Supermarkets promise to cut grocery bills in new price war
CONSUMERS are the ones who will benefit as retailers bring in price cuts in the battle to attract hard-pressed families.
Tesco yesterday hit back in a fledgling 'price war' when it announced that the price of 1,000 items on its shelves -- including tea, vegetables and toiletries -- would be cut by an average of 12pc.
It moved just days after the SuperValu chain unveiled a series of 'meal deals', promotions and price cuts on its own-brand range, which it said could save families an average of €35 a week on household shopping.
Ann Fitzgerald, the chief executive of the National Consumer Agency (NCA), said it welcomed any measures that introduced "better competition in the grocery sector for consumers, particularly in the times we are living in".
Kenny Jacobs, marketing director of Tesco Ireland, said the cuts on common household items would "drive value" for shoppers.
"We are determined to offer the very best value for consumers and we will not be beaten on price," Mr Jacobs claimed.
SuperValu pointed out its meal deals and cuts on own-brand items were designed to ensure households could put a dinner on the table every day for an affordable price.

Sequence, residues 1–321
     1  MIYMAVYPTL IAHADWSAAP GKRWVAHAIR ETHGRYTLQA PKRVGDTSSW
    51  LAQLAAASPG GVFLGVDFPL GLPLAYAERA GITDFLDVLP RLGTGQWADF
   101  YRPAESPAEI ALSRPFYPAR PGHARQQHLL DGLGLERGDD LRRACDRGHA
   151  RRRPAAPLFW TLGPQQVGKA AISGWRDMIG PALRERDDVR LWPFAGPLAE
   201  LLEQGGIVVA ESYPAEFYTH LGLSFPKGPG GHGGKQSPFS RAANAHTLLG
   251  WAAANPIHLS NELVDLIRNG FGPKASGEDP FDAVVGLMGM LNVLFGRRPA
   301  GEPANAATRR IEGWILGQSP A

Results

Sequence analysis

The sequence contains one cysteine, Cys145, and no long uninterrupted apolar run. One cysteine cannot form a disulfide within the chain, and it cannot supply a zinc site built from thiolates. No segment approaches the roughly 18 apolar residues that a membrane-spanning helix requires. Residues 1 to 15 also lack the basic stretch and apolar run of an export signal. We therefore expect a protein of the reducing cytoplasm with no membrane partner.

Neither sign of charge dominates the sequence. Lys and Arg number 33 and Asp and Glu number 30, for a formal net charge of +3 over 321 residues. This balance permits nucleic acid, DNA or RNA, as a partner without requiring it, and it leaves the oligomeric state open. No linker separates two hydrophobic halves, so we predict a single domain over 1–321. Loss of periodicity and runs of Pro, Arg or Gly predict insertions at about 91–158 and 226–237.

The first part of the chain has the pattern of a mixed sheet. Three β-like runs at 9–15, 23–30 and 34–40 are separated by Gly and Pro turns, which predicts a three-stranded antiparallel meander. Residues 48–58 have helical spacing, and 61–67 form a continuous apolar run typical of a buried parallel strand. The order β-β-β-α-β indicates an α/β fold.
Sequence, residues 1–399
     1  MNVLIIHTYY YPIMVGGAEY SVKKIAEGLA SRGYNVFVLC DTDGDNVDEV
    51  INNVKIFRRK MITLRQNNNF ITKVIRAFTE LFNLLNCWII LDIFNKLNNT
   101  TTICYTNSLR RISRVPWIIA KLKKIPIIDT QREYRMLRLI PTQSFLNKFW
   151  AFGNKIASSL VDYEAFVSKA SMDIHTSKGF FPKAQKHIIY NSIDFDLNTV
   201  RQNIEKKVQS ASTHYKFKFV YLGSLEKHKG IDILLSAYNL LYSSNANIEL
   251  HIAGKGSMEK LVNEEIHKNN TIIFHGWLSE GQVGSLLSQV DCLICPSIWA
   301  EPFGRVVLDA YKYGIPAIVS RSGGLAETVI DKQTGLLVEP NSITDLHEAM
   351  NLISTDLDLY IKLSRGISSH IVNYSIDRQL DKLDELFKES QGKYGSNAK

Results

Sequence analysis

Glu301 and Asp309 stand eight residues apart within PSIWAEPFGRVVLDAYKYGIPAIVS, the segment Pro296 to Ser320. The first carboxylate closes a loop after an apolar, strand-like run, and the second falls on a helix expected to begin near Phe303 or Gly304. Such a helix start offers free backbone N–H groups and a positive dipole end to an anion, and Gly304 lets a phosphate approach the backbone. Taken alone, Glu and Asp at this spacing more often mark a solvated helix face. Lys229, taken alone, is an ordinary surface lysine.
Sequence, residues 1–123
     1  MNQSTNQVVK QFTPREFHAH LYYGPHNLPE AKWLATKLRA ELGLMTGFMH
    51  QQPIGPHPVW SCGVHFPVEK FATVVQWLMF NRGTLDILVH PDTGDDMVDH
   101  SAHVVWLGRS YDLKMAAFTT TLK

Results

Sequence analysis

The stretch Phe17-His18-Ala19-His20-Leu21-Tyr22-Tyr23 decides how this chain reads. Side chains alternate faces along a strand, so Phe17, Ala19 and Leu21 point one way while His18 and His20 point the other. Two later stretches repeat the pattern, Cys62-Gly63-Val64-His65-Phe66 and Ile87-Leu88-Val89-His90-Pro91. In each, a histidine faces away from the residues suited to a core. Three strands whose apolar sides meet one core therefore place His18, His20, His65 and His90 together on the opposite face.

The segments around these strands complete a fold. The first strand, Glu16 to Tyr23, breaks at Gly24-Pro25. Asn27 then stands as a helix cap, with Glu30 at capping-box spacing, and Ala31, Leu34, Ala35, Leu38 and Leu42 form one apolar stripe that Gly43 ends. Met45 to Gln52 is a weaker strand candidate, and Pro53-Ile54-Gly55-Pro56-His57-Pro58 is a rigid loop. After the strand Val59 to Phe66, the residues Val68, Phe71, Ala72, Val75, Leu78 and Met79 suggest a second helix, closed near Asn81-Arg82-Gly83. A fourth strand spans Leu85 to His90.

The chain said sales of its own brands were up 8.6pc since the beginning of the year while the take-up of meal-deal promotional offers had increased by 25pc.
"People are being really wise and canny, and shopping around for offers that matter to them," said SuperValu spokeswoman Sue Lamon-Diver.
She said the chain's research had shown that more people were now looking for basic ingredients so they could cook their own meals from scratch.
Dunnes Stores, meanwhile, has a half-price toiletries offer, which includes brands such as Nivea, Olay and Timotei, while Superquinn pointed out it has "hundreds of products on promotion and special offer" each week.
Both Lidl and Aldi have slashed the prices of certain fruit and vegetables.
Supermarket groups are under increasing pressure to entice shoppers to spend as the latest research from the NCA shows seven out of 10 consumers almost always shop around for the best price.
More than half of shoppers now cite price as the major factor in choosing where to shop.
More than a third of grocery items purchased by price-conscious shoppers are now own-brand goods.